So, So Sorry

The latest chatter in cyberspace.
June 15 2005 6:51 PM

So, So Sorry

Bloggers discuss the Senate's apology for not passing an anti-lynching law; they also tackle a proposed increase in the retirement age and a new study on virginity pledges.

So, so sorry: The Senate issued a formal apology for its decades-long failure to enact an anti-lynching law, but the fact that only 80 of the 100 senators co-sponsored the bill irked some.

Bloggers focus on the missing 20: Responding to a list of "pro-lynching senators" posted by the liberal Atrios, commenter Samurai Sam writes, "I don't know whether to laugh or cry at this. It just makes me choke to think we've made so little progress in race relations in the past 40 years. Or, more correctly, that the North and both coasts have made the progress and the South and some of the Midwest have not." At the Moderate Voice, political independent Joe Gandelman speculates about the motives of the senators who didn't co-sponsor: "Most likely some couldn't sign for logistical reasons, but there were most certainly some who held their fingers up to test the political winds — basically giving the finger to the rule of law...even when it came to putting their names on a largely symbolic resolution."

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Others are offended at the apology altogether: Black writer La Shawn Barber argues, "In light of the serious problems we face in the world and our own country, I think this apology is one of the dumbest, emptiest, most politically correct pile of rubbish I've heard in a long time. …I'm sick of politicians wasting time and money pandering to blacks, treating us like empty-headed children, spoon-feeding us putrid pabulum, and prostrating themselves for every perceived slight. Don't apologize to 'Black People.' Apologize to individual blacks who actually care about this mess."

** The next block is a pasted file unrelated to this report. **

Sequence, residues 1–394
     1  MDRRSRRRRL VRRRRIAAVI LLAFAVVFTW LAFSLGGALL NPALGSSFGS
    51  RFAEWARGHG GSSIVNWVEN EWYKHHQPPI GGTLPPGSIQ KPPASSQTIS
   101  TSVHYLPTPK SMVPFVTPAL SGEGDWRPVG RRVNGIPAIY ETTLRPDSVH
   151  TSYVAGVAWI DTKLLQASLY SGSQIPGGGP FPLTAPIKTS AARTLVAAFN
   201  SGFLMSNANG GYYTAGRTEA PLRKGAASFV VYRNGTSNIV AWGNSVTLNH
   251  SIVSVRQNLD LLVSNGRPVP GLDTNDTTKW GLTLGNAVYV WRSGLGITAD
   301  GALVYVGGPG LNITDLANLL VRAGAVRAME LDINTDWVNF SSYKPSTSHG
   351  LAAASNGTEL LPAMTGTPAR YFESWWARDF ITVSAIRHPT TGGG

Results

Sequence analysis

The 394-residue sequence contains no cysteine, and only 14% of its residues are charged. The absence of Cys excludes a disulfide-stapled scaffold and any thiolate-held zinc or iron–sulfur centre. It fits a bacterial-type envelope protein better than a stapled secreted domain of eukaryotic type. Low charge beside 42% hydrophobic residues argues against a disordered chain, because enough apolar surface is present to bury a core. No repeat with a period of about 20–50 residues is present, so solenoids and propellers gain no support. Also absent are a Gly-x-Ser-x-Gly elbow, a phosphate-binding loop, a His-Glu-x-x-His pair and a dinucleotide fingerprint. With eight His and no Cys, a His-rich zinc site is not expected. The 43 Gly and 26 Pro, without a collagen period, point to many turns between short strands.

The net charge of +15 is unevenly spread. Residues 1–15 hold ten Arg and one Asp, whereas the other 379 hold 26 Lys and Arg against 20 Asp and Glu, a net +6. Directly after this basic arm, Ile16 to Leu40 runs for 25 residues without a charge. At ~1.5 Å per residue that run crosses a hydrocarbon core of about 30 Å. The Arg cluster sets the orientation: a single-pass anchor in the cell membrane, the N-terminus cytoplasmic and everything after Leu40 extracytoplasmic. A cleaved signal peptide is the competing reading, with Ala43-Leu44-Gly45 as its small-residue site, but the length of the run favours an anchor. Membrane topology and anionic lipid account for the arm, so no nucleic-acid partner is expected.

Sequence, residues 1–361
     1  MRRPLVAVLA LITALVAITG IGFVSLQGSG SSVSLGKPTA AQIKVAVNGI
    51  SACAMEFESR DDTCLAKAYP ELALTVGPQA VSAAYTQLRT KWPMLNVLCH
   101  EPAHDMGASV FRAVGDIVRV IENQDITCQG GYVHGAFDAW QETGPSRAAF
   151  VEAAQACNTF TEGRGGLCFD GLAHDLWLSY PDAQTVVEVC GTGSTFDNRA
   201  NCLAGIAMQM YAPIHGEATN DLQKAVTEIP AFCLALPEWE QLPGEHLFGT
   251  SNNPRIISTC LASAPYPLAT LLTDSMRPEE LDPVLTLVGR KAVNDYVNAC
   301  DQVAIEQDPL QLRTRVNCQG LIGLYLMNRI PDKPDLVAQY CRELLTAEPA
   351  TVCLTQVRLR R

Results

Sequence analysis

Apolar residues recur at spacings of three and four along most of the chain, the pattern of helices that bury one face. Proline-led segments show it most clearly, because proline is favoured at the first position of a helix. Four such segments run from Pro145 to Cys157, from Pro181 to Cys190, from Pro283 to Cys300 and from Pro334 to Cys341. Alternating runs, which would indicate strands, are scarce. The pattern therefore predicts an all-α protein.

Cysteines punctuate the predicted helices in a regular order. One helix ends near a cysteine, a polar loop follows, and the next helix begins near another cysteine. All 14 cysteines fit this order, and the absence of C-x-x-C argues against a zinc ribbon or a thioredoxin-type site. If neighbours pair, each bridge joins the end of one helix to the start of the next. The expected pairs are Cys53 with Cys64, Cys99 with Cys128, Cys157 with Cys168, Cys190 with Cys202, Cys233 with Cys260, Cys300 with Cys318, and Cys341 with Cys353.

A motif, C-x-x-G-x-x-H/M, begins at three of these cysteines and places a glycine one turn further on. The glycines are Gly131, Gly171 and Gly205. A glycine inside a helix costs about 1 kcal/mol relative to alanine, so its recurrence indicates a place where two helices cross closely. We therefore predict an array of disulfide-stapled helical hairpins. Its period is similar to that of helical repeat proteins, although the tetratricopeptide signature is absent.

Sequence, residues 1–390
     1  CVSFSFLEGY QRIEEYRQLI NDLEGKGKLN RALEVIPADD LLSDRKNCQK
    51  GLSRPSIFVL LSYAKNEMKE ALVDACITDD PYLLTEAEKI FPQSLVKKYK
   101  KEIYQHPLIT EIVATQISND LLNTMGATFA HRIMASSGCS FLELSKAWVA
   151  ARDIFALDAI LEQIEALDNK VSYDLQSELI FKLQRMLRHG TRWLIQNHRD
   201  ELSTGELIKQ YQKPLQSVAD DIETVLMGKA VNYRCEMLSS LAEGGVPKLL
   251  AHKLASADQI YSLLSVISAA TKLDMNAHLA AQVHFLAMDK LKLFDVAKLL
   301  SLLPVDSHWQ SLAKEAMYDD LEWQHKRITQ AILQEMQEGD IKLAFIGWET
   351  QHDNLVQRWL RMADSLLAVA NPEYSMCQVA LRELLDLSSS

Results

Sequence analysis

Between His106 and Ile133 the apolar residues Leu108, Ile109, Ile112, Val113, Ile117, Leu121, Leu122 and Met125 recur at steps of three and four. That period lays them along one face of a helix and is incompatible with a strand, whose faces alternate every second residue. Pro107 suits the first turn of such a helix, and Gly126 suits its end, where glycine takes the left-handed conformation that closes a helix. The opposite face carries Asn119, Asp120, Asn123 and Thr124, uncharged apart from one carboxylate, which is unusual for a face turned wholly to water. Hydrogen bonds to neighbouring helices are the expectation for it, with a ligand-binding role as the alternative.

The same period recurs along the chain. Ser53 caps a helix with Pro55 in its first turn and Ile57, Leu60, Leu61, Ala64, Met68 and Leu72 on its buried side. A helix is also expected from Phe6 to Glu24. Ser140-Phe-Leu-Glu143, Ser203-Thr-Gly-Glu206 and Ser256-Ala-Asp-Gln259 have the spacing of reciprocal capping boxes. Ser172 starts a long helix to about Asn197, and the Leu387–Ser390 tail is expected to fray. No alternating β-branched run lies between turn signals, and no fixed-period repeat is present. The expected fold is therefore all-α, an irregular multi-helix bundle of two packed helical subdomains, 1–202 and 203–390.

Read more about the Senate's apology; read this "Explainer" about congressional apologies.

Not-so-golden years: Republican senators are considering a bill that would raise the Social Security retirement age to 69 over the next two decades. The proposal was presented last week as part of a plan to ensure "greater financial solvency" to Social Security.

Supporters think it's just plain good sense: "Raising the eligibility age for Social Security really should be part of any commonsense solution," arguesThe Yellow Line's Alan Stewart Carl, a "former democrat and a former republican." He writes, "In 1940, the average life expectancy was 64 years while right now it's around 77… If we're living longer, shouldn't we be able to work longer?" Commenter Jonathan Cortis agrees: "With a combination of raising the retirement age and raising the cap on social security wages, we may just be able to bring SS back to the PAYGO system FDR envisioned."

Opponents use the chance to complain about President Bush and Republicans: "What people need to understand is that there is no Social Security 'shortfall' at all until 2042," saysThe Land of Ding's Andrew Dingfelder, a new blogger. " … The problem is that Bush is spending money like a drunken sailor and giving tax cuts to his wealthy benefactors at the same time." Other bloggers complain about New York Times' columnist John Tierney's suggestion that Americans spend too much time in retirement: At the liberal Delusions of Grandeur, Emeryroolz writes, "Tierney seems to think it's INSANE to not want to work until you drop dead? Spoken like a guy who's never done an honest day's work in his life."

Read more about the proposed retirement age.

Virginity pledges: Contradicting earlier findings, the Heritage Foundation has published a study concluding that young people who took virginity pledges contracted fewer STDs, were more likely to abstain from sex; and were less likely to become prostitutes. The Times reports that other experts find the results "provocative, but … flawed."

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